In a second incident, the judge concludes, an FBI agent--fearful Bulger and fellow mobster Stephen "The Rifleman" Flemmi might disclose that he accepted gifts and money from them--revealed to the Globe that Bulger was a government informant. The agent's plan, wrote Wolf, was "to eliminate Bulger and Flemmi as a threat to him... [The agent] also calculated that such a story would prompt the [Mafia] to murder Bulger and probably prove fatal to Flemmi as well."
Wrong again, says Gerard O'Neill, the reporter on the story. He says the Globe's investigative team, which he heads, had been following leads for months from other law enforcement agencies that suspected Bulger knew ahead of time when authorities were closing in on him. "Those agencies were convinced the FBI was protecting Bulger, and that that was the only explanation for his Houdini-like escapes," O'Neill says.
He says the mobsters' handlers at the FBI, in fact, denied at first that either man was an informant. Ultimately, though, he says, sources in the agency confirmed it. It took four months to corroborate the information. "We weren't doing their bidding," says O'Neill, who is co-writing a book about the case. "Just the contrary. They fought this tooth and nail."
Before the story ran, a second FBI agent, Thomas Daly, contacted Globe reporter Kevin Cullen, who lived in the same South Boston neighborhood as Bulger. If the newspaper disclosed the mobsters were informants, Daly told him, Bulger would think nothing of "clipping" Cullen. "It was very hostile, and [Daly] was clearly trying to intimidate us," O'Neill says.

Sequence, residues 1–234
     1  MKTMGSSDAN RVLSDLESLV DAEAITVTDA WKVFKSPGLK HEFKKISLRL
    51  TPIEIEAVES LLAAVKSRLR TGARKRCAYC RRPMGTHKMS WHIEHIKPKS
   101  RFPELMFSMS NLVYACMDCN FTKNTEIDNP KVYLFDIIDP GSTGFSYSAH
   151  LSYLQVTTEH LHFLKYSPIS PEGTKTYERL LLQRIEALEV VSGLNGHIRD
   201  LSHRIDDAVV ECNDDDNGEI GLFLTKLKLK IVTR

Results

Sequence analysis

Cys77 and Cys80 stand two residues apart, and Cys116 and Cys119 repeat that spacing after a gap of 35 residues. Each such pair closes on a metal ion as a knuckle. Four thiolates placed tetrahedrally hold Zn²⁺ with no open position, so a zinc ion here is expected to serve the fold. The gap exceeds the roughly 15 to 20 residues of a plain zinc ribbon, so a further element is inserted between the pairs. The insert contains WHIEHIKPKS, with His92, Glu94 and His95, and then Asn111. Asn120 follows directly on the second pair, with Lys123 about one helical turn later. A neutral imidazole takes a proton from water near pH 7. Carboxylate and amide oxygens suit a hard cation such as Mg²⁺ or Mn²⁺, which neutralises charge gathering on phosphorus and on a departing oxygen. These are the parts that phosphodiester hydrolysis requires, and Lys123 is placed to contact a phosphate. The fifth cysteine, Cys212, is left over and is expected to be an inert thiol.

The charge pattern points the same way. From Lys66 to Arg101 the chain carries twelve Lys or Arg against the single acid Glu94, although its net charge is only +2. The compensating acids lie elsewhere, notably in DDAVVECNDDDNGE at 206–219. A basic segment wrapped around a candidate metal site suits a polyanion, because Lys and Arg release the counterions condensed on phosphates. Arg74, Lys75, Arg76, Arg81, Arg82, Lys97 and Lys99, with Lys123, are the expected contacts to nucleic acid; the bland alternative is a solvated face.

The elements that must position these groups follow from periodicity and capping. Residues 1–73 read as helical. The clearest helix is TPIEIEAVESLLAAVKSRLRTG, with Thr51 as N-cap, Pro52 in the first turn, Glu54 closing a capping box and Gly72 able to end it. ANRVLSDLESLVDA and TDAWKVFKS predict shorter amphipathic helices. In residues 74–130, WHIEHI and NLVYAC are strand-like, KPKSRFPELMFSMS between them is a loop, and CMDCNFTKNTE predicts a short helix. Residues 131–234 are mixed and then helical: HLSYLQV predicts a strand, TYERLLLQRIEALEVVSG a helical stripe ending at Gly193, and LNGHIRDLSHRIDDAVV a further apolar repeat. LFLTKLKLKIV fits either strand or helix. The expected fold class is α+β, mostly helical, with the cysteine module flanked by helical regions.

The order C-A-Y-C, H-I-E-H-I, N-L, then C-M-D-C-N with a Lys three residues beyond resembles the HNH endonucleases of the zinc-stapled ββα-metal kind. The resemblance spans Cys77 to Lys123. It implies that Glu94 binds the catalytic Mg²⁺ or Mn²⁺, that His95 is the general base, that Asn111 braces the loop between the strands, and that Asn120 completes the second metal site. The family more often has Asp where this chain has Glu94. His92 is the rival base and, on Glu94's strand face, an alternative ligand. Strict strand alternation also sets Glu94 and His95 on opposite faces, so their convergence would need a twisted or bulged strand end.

"They did a good job," recalls Cullen, now the Globe's London bureau chief and European correspondent. The piece was published on September 20, 1988, and the paper moved Cullen and his wife to a Cambridge hotel for about a week to protect them. After that time, "my street contacts in Southie were telling me that Whitey wasn't all that upset by our disclosures," says Cullen. "In fact, he was said to be more annoyed that we had suggested in one passage that he had beaten up a wino to cleanse the neighborhood. Whitey complained to someone I know that, 'That was no wino.' "
Ironically, Bulger and Flemmi immediately scaled down their criminal activities, making the case against them harder to prosecute. Flemmi has been jailed since 1995 and is awaiting trial. More irony: Bulger is a fugitive now on the FBI's Ten Most Wanted list.
An FBI spokeswoman in Boston says the agency and the U.S. Attorney's Office are investigating the incidents and other allegations of FBI misconduct that have surfaced in the case.
"It left a very bad taste in my mouth, and I've been disillusioned to some extent since the late 1980s, when I realized to what extent the FBI was willing to engage in double standards to protect people like Whitey and Stevie Flemmi," Cullen says. "But, hey, it's a dirty business. Informers would trade their mothers to stay out of jail. All the more important that newspapers expose these sorts of things."
From deep inside the complicated tale of a trial involving organized crime in Boston comes this startling subplot: A federal judge has concluded that the government planted stories with both of the city's daily newspapers, hoping to encourage leading mobsters to assassinate each other.